MLS playoffs are in full swing and have had some great battles as the Conference Finals are set with defending East Conference Champs Toronto facing the Columbus Crew in a 2 game showdown starting Nov 21 on Fox Sports 1, and Defending MLS Champs Seattle traveling to Houston for the first leg of the Western Conference Finals on Nov 21.  Sad news on the Federal Court of Appeals turning down NASL’s injunction vs US Soccer on D2 Status – I think NASL will head back to the courts again – no idea what this means for our Indy 11.  Oh and good luck to Louisville FC – hosting the USL Championship Final Monday night.


Congrats coaches Doug Latham and Jeremy Slivinski and the U13 Gold Boys for Winning the Fall Fusion Tourney with 23 goals scored and only 2 conceded.


(WCQ-World Cup Qualifying)

Thurs, Nov 9

2:45 pm ESPN2             Northern Ireland vs Switzerland WCQ

2:45 pm ESPN 3?        Croatia vs Greece WCQ

10 pm ESPN2             Canada vs USA Ladies

Fri, Nov 10

2:45 pm Fox Sp 1        Sweden vs Italy  WCQ

2:45 pm FS2                   England vs Germany

5 pm beIN sport?        Honduras vs Australia WCQ

10:15 pm beIN Sport  New Zealand vs Peru WCQ

Sat, Nov 11

8 am ESPN3?                  Russia vs Argentina

2:45 pm Fox Sp 1        Denmark vs Ireland WCQ

3:30 pm ESPN3?          Spain vs Costa Rica  freindly

Sun, Nov 12

2:45 pm ESPN3??        Switzerland vs Northern Ireland WCQ

2:45 pm                            Greece vs Croatia WCQ

9 pm Fox Sport 1           USA Ladies vs Canada

Mon, Nov 13

2:45 pm Fox Sp 1        Italy vs Sweden WCQ

Tues, Nov 14

11:30 am beIN Sport   Argentina vs Nigeria Friendly

2:45 pm Fox Sp 2       Ireland vs Denmark  WCQ

2:45 pm ESPN 2           Germany vs France – Friendly

3 pm ESPN3                    England vs Brazil

3:45 pm Fox Sport 1            USA men vs Portugal

Wed, Nov 15

4 am beIN Sport          Australia vs Honduras

Sat, Nov 18

7:30 am NBCSN               Arsenal vs Tottenham

9:30 am Fox Sport 1 Bayern Munich vs Ausburg

10 am NBCSN                Leicester City vs Man City

1 pm NBC                     Man U vs Newcastle (Yedlin)

2:45 pm beiN Sport  Atletico Madrid vs Real Madrid

Sun, Nov 19

9:30 am FS1                       Shahlke vs Hamburger (Woods)

11 am NBCSN               Watford vs West Ham

EPL 2017 Schedule  

Read All the stories online – at www.theoleballcoach.com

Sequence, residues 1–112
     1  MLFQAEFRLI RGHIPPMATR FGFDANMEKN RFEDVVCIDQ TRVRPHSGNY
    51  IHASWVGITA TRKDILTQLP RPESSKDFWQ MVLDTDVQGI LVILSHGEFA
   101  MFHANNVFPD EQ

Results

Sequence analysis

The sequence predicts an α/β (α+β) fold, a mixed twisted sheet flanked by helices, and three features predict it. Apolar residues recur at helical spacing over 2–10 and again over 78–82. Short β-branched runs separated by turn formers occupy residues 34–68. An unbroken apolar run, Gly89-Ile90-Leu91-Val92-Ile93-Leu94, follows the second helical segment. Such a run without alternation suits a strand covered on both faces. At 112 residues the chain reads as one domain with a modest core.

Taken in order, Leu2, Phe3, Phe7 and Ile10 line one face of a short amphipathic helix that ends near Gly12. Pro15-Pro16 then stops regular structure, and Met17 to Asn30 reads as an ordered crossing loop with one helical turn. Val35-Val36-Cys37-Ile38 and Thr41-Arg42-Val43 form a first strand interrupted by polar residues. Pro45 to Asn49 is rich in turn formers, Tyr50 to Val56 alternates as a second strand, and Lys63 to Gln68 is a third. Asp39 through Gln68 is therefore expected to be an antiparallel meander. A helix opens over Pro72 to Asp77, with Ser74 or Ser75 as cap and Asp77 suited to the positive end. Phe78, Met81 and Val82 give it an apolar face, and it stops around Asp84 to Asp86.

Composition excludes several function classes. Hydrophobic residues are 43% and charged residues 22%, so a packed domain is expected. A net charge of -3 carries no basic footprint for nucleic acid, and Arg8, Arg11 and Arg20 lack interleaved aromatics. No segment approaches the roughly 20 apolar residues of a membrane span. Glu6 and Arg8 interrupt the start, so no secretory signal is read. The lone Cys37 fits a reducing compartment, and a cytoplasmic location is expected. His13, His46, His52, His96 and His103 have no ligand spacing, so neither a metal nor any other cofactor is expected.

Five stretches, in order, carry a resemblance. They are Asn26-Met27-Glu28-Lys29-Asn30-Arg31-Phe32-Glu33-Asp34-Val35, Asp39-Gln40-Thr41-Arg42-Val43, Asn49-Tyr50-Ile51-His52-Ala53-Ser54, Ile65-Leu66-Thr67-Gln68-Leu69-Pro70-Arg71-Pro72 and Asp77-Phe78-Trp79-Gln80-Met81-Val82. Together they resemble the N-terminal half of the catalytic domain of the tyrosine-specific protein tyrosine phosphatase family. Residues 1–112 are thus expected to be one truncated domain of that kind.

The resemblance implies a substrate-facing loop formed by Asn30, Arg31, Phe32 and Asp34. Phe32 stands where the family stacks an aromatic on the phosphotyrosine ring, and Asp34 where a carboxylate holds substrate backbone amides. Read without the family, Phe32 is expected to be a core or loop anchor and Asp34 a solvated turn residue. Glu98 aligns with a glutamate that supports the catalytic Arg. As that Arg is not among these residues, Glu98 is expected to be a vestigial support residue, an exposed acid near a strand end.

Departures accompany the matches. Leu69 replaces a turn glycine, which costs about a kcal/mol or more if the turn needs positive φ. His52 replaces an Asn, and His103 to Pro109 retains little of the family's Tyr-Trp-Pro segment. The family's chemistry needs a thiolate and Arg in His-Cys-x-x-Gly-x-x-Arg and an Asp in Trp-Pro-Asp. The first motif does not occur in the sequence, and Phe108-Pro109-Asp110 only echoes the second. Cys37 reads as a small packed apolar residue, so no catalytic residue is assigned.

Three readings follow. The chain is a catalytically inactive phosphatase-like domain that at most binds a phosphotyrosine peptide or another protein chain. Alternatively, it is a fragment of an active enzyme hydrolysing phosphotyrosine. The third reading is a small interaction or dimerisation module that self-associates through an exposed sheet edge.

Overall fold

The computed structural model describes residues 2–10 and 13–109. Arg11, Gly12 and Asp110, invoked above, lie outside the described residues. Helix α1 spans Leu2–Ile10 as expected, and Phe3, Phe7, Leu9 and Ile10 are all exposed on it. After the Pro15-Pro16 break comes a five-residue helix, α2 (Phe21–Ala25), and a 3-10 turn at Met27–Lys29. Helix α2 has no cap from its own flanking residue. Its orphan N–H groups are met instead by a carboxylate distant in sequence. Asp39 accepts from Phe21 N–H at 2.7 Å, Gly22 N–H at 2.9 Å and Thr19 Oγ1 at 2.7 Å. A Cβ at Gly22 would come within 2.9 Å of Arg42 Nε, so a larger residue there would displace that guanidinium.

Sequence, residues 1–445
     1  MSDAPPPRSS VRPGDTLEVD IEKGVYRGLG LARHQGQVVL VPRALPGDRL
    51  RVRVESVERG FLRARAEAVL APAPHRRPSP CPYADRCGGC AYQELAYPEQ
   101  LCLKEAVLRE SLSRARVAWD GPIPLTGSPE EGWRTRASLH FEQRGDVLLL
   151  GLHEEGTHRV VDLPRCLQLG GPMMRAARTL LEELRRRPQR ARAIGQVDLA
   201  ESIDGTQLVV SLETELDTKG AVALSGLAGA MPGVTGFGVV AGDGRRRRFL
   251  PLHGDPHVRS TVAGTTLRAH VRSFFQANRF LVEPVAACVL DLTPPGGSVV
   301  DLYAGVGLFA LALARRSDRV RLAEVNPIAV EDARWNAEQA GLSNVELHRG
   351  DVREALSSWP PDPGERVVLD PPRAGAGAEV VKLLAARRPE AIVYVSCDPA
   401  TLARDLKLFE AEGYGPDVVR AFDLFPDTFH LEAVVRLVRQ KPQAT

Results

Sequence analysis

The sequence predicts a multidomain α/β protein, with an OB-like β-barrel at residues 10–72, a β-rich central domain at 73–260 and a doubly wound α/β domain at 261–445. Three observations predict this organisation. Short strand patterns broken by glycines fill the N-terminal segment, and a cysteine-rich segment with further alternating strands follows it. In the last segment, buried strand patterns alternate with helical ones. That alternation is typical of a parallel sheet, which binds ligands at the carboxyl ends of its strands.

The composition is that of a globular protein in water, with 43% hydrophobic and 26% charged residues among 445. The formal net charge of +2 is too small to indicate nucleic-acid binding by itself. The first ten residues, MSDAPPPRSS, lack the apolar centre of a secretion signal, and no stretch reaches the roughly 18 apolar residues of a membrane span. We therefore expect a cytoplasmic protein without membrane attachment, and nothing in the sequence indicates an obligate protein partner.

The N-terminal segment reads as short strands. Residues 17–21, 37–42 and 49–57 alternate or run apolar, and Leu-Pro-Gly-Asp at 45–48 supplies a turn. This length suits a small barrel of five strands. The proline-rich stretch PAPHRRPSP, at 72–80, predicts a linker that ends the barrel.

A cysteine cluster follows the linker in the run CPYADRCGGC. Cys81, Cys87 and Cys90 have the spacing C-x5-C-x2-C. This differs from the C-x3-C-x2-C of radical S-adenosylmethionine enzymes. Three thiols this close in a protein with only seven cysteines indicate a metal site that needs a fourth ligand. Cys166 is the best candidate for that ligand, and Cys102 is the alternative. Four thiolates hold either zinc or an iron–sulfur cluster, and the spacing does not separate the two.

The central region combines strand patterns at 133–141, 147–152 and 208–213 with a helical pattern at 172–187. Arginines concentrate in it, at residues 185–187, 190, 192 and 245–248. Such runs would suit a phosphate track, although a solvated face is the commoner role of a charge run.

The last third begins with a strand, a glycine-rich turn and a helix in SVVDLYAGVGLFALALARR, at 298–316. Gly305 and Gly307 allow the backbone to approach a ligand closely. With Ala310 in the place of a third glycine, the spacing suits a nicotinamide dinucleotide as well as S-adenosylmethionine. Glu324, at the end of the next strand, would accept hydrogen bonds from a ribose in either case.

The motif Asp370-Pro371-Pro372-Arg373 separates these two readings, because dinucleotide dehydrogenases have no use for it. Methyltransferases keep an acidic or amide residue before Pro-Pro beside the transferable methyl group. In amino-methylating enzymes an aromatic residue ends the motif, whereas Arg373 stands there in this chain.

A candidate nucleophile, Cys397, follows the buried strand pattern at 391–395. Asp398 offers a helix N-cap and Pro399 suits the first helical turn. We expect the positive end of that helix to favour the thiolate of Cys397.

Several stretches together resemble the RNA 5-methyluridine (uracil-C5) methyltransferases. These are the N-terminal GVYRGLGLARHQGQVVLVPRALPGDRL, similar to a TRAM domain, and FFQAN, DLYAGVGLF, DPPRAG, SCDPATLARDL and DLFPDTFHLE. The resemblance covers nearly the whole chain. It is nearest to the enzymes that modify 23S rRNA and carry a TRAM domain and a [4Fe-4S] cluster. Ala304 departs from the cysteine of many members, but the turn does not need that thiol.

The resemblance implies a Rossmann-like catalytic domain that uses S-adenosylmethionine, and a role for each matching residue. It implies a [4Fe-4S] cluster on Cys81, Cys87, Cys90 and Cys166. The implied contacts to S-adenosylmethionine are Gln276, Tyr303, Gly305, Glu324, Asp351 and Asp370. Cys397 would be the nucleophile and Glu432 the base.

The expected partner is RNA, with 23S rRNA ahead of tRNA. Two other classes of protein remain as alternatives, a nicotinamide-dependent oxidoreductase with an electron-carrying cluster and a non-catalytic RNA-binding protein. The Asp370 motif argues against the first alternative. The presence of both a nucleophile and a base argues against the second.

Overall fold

USA Ladies vs Canada – Gameday – Stars and Stripes

US Ladies Relish Return to Vancouver vs Canada Thurs Eve – Graham Hays ESPNFC

US Coach Sarachan talks Portugal Friendly – MLS.com

US Names Young Squad vs Portugal – Jeff Carlisle ESPNFC

Questions Answered on young US Roster – Armchair Analyst – Matt Doyle MLS.com

Yanks overseas – Stars and Stripes

 Cordeiro, Martino enter Presidential Race – Jeff Carlisle ESPNFC

Development Academies Hurt Local Indiana High School Soccer – Indy Star last week


Who Needs to do What to Win in WC Playoffs – ESPNFC

Italy and Sweden both Lack Stars as they Battle for WC Spot

Italy Looking for 15th Straight World Cup Appearance must beat Sweden

How can New Zealand upset Peru over 2 legs – ESPNFC

Greece looking to Qualify

Can Modric save Croatia like he does Madrid?

All you need to know – WCQ Finals – Last Steps to Russia – SI

World Rankings of Club Teams


MLS Final 4 Set – Columbus vs Toronto, Seattle vs Houston – Jeff Carlisle

MLS Conference Brackets – Finals Set to Start Nov 21

Toronto FC – ½ time – Altidore Red Card being Appealed

Toronto Barely Survives NYRB to Advance to Con Finals

Clint Dempsey Set to Return to Seattle in 2018

Kaka/Pirlo tenures reveal risk of leaning on Legacy Players in MLS

NYCFC Andrea Pirlo Announces Retirement with Heartfelt Letter – see some of his best assists!

Pirlo Among Last of Dying Breed in MLS – Jeff Carlisle – ESPNFC

Brad Friedel leads New England Coaching Wish List

Club by Club – Review of 2017 – Greg Doyle

Top 10 MLS Moments This year

Extra Time Radio – MLS – Playoff Edition

 Indy 11

Court Denies NASL Injunction for 2nd Division Status

NASL Hopes for Different Interpretation

Louisville FC to host USL Finals Mon – Soctakes.com

Sarachan talks US roster for friendly vs. Portugal: “We have to look ahead”

November 7, 201712:22PM ESTCharles